Questions of copyright is our monthly feature (previously named The List) in which we share some of our questions and concerns about how and where cartoons from Cartoon Movement are used without our permission.
Last month, the burkini ban in France inspired many cartoonists; it also inspired many media outlets to publish galleries of the cartoons that were created. Most media circumvent any issues of copyright by publishing embedded tweets (as we explained last month), such as this gallery by Buzzfeed.
Another big media outlet that ran burkini ban cartoons was the BBC. Instead of embedding pictures they ran the pictures on their website, including one cartoon by Khalid Cherradi that was originally published by us (pictured above). Although we were properly credited, we did wonder why no one contacted us or the artist to ask for permission to run the cartoon.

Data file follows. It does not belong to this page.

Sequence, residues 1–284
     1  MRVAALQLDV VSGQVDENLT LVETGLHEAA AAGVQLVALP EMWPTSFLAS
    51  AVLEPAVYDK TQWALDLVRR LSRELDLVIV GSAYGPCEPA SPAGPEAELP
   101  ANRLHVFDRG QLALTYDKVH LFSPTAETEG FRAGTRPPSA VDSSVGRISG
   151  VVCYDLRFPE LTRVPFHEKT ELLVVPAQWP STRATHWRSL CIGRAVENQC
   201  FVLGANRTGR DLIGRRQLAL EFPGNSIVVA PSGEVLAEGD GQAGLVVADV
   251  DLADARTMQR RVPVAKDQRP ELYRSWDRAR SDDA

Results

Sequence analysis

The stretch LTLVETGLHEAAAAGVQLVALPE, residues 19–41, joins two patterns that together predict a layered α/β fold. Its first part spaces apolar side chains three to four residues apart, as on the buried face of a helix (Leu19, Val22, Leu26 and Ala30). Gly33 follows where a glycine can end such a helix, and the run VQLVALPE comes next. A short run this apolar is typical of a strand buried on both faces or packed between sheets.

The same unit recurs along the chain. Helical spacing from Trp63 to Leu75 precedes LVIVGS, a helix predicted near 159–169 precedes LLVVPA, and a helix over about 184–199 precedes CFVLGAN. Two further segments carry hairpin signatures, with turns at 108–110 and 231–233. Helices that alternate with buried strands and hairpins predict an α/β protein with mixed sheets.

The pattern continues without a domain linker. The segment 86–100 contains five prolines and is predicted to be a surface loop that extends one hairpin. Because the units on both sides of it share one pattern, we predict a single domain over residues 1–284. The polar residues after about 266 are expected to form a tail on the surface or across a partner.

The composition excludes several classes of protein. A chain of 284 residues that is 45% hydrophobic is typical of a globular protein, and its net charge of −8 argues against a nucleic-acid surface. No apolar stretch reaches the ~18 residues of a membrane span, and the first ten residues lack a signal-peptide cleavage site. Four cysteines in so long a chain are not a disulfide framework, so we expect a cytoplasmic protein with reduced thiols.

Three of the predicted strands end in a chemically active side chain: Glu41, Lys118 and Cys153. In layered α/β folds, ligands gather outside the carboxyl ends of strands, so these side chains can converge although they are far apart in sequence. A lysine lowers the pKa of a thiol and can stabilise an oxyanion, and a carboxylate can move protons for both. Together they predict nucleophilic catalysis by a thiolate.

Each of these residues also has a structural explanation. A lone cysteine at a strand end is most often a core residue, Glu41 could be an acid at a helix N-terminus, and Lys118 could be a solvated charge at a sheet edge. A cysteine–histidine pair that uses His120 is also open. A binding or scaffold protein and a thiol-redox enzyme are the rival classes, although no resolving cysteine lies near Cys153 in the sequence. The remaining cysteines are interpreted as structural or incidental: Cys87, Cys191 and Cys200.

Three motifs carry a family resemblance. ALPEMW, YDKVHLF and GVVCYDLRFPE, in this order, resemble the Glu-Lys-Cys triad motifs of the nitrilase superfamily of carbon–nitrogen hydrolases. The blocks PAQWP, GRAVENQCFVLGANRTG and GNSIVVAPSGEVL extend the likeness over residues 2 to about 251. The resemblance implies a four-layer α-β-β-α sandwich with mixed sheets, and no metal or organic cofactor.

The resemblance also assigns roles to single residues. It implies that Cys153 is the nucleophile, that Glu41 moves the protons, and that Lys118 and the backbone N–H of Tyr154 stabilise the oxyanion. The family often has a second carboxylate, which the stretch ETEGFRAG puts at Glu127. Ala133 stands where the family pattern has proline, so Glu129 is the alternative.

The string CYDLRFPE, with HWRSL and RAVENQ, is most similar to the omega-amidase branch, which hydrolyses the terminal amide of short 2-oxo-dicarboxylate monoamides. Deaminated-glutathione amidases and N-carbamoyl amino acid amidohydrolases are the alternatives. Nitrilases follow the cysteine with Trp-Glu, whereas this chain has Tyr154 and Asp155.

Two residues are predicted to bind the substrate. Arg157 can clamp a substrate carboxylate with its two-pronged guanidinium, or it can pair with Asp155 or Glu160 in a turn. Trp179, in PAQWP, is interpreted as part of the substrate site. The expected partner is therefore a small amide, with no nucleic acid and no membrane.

So we sent them an email to raise the issue. We received a very polite reply stating: ‘We did in fact contact your organisation via Twitter to ask permission to use this cartoon but it appears we did not receive a reply.’
Although technical glitches are certainly not unheard of, this would in fact be the first time since we began our Twitter account that we missed a message on Twitter. However, the most surprising thing to us is that, although they did not receive a reply from us, they went ahead and used the image anyway.
We’re not well versed enough in copyright law to know if the concept of ‘silence implies consent’ is legally sound, but we do know we do not agree with the practice.